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How to Know When Continuous Delivery is Too 'Continuous'

The real goal of continuous delivery should be to issue releases steadily and regularly, but not necessarily as fast as possible.

Continuous delivery is usually a good thing. But, like most good things, it becomes a bad thing in excess. If you deliver too continuously, you risk undercutting the core benefits that continuous delivery is supposed to enable. (And, yes, by the dictionary definition, “continuous” is an absolute, but we’re going by the continuous delivery definition, where continuous is not really continuous.)

Here’s a look at why too much continuous delivery is problematic, and how to tell if you’ve gone overboard in your CI/CD (continuous integration/continuous delivery) process.

The Goals of Continuous Delivery

Continuous delivery refers to a software development and deployment strategy in which application updates are issued in small, frequent batches. It’s the opposite of so-called waterfall delivery, a method in which updates are few and far between, but involve major changes when they do appear.

During the past decade, the DevOps philosophy has enticed about two-thirds of development teams to embrace continuous delivery in one form or another. They typically do this in the hope of achieving several goals:

  • Making it faster and easier to push out software updates
  • Allowing applications to evolve gradually, instead of foisting major changes on users all at once
  • Making better use of development resources by avoiding situations where one development task can’t be completed before another, which leads to delays
  • Enabling fast rollbacks to an older application version in the event that something goes wrong with a new release
  • Increasing the ability to take advantage of advanced software testing features, like feature flags and A/B testing

It’s worth noting that “continuous” is a relative (and ambiguous) term in this context. There’s no official release frequency that you need to achieve to qualify as doing continuous delivery. Companies like Netflix and Facebook report deploying new releases more than once a day, but for a majority of companies that have embraced DevOps and CI/CD, releasing a few times a week is a more realistic goal to target.

Even just a few releases a month could count as continuous delivery, as long as they introduce small, incremental changes, rather than the monumental updates associated with the waterfall methodology.

How Continuous Is Too Continuous?

To put this another way, the real goal of continuous delivery should be to issue releases steadily and regularly, but not necessarily as fast as possible. Indeed, there is danger in trying to maximize your deployment rate just for the sake of maximizing it. There is such a thing as too much continuous delivery.

How do you know if you’re releasing too often? Here are some signs.

1. There is no real difference between your releases.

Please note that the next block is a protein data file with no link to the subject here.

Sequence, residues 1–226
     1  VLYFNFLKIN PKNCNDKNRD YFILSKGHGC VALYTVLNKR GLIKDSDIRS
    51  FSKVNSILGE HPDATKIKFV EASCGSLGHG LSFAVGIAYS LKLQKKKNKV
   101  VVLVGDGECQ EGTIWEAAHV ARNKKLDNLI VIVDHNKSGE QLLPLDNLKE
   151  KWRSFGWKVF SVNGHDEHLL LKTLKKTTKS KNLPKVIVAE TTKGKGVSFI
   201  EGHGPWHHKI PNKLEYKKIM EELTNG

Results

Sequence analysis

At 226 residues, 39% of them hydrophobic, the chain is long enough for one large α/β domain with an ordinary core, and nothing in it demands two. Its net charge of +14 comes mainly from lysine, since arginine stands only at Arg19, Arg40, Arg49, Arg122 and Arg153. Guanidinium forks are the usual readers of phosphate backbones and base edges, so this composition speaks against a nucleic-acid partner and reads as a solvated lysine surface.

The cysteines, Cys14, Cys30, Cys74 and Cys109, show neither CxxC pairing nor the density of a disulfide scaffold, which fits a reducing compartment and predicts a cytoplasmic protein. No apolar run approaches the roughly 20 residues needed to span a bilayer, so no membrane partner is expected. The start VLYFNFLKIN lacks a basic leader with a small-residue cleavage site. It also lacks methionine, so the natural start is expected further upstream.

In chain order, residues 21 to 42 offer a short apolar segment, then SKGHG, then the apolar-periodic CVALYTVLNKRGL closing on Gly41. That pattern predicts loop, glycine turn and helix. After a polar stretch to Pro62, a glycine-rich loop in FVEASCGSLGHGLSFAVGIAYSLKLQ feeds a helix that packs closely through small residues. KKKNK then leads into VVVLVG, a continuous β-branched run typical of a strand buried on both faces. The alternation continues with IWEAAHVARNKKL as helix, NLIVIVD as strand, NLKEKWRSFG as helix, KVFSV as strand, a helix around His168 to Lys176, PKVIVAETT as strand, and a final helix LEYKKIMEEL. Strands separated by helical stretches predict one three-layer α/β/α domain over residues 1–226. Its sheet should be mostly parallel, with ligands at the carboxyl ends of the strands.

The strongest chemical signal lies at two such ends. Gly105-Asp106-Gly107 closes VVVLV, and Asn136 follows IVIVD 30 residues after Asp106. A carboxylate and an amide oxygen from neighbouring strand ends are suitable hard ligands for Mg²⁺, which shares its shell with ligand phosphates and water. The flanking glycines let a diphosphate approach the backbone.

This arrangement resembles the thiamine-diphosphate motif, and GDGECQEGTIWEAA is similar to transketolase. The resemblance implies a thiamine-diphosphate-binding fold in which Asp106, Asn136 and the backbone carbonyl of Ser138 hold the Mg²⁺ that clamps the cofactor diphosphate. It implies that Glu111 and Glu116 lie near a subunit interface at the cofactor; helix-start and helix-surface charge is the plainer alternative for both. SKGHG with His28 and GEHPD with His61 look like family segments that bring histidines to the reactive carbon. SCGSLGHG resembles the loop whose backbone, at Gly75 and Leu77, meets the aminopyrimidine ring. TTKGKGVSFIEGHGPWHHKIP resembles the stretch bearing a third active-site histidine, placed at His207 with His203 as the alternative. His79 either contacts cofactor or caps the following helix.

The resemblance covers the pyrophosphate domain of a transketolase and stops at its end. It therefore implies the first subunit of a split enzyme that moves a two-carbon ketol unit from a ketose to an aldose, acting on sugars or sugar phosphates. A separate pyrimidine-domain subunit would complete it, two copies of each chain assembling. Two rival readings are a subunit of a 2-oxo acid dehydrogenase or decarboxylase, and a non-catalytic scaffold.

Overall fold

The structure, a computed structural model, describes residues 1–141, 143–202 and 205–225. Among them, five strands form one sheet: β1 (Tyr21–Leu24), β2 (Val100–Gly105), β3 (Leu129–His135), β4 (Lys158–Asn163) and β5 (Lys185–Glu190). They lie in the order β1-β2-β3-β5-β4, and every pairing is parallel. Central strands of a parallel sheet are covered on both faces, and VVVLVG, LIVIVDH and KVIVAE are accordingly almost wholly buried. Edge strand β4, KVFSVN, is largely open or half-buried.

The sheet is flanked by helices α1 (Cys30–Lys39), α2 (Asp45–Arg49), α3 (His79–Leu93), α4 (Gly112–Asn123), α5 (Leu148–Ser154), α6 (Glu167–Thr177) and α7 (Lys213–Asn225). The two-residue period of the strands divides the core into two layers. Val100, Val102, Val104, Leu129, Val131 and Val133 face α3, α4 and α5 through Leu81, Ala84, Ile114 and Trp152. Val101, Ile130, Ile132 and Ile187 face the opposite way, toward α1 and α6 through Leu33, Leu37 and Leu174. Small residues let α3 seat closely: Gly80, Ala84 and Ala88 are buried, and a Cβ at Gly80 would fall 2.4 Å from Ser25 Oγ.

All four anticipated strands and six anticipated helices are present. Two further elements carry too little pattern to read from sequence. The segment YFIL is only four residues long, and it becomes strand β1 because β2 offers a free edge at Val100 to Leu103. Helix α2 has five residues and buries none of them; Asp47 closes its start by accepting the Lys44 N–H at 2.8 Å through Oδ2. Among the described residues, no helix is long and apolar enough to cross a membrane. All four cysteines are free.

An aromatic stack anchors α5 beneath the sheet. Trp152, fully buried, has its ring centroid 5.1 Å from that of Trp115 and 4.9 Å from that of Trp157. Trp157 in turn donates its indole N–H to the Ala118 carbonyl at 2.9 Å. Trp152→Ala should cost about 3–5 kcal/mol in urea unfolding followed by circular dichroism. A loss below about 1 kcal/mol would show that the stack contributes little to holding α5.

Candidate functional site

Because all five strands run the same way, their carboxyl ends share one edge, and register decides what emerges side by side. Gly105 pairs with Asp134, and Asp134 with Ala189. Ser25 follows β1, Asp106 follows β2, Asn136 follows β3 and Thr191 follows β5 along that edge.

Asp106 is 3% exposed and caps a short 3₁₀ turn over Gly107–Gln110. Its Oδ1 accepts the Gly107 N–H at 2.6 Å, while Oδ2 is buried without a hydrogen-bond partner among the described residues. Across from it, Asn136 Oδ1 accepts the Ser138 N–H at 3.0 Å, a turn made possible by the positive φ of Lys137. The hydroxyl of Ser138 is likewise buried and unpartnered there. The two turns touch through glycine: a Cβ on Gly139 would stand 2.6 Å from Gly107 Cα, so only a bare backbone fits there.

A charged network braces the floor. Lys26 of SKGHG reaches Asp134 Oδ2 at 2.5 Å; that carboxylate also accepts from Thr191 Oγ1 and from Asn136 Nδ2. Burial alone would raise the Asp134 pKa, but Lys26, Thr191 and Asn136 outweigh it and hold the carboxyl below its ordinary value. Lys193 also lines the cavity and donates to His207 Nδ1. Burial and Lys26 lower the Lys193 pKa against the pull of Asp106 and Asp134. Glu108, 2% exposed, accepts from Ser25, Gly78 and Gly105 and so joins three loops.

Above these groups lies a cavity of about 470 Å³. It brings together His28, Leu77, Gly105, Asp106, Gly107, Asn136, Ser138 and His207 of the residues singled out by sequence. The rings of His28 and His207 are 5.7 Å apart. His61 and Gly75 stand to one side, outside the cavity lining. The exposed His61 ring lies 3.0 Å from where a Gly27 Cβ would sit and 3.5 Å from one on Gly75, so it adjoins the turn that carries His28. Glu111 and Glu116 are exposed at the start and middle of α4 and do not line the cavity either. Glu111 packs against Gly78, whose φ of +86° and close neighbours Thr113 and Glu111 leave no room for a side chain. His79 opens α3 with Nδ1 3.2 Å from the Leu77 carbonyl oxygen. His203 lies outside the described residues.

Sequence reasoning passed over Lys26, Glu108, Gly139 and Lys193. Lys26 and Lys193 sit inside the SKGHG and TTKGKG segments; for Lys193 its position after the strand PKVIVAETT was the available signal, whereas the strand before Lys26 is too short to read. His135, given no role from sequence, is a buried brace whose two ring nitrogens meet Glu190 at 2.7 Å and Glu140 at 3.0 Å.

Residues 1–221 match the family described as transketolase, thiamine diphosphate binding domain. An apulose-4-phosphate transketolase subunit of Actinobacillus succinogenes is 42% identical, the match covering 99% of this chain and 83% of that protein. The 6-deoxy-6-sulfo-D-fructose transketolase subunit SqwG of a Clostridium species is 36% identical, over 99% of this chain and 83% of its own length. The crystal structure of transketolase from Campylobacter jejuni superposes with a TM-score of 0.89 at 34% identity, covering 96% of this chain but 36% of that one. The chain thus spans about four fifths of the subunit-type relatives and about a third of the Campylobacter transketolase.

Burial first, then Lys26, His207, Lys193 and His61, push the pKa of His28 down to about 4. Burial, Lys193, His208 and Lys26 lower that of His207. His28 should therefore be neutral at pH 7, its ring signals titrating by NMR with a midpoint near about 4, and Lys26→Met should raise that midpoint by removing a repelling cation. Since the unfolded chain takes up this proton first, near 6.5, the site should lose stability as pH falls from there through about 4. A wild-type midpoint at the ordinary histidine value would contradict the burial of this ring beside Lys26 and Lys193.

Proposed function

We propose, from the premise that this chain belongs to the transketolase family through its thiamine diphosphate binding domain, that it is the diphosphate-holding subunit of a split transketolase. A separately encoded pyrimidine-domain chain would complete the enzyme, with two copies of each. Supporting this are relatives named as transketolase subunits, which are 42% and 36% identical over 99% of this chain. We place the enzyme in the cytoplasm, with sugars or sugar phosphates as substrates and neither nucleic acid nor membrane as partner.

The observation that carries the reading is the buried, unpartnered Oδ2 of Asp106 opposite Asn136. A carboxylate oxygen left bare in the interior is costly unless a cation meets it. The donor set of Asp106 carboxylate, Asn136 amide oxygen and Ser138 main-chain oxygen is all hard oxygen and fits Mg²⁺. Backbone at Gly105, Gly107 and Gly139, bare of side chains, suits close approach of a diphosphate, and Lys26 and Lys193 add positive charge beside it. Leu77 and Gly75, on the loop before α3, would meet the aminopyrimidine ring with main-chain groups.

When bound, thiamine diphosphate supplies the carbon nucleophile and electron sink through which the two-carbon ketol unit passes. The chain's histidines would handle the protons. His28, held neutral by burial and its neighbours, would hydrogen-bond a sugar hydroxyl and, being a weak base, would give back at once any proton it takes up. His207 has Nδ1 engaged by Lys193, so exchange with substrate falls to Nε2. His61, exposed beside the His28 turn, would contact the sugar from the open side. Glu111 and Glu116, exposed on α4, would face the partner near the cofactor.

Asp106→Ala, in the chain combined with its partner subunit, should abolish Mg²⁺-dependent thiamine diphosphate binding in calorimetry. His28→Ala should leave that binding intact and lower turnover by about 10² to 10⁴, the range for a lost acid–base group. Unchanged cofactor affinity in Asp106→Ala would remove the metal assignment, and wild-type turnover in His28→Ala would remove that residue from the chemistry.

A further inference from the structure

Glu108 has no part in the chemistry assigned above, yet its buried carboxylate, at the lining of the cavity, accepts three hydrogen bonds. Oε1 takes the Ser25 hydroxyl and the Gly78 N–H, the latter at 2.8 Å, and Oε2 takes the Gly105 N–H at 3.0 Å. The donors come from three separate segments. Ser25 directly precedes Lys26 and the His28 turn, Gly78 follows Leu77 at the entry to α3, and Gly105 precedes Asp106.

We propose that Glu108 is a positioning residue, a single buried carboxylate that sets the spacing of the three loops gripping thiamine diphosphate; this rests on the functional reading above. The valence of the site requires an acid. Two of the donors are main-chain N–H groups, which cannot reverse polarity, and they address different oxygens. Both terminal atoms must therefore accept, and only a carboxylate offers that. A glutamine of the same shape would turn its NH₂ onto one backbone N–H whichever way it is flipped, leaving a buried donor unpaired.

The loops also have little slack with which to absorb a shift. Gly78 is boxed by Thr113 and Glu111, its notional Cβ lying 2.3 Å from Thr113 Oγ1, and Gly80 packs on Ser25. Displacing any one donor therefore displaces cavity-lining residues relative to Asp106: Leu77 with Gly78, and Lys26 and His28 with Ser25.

Just because you’ve written some new code somewhere within your app doesn’t mean you need to release it right away. If you release every time you update anything, you increase your risk (because more releases means more opportunities for something to go wrong) without a good reason. You also waste resources by deploying more releases than are necessary.

You need not have a major update in each new release, but each release should introduce a new feature, bug fix or other meaningful change of some kind--minor though it may be. If you can fit multiple meaningful changes into each release while still releasing frequently and steadily, that’s even better.

2. You deploy according to an arbitrary schedule.

Along similar lines, releases should only be deployed when there is a reason to deploy a new release, not because it’s a certain day of the week or time of day. Deciding that you’re going to deploy whatever working code you have once a day at midnight, or every Tuesday and Friday, for example, would be a mistake. It may make your delivery schedule continuous and consistent, but it’s pointless if the releases are not tied to meaningful application change.

3. You deploy a new release before you’re confident in the stability of your last one.

Even if you deploy multiple times per day, you shouldn’t deliver a new release until you’re at least relatively confident that the previous one is working as expected. If you do, you run the risk that you’ll discover a problem with your production code, but be unable to roll it back efficiently because you won’t know which release introduced it.

If you let your drive to delivery continuously take precedence over your commitment to stability, you’re doing it wrong.

On a related note, you should never deploy faster than you can complete software testing for each new release. Even if testing takes longer than you would like, thorough testing is more important than rapid releases.

4. Your users are confused by frequent application changes.

Even if each new release is thoroughly vetted and works exactly as you intended, changes that come too frequently may be a bad thing for your users. Users don’t like when their interface changes constantly or they are inundated with minor new features every time they refresh your app. It’s true that, in general, continuous delivery leads to happier end users by putting new functionality into their hands faster. But you shoot yourself in the foot if you issue changes so fast that your users are overwhelmed or confused.

Conclusion

When it comes to continuous delivery, everyone’s mileage varies. Just because one company deploys twice a day doesn’t mean you have to do the same to succeed at DevOps. On the contrary, striving to maximize deployment rates at the expense of software quality, the end user experience and your ability to link releases to positive application change does more harm than good.

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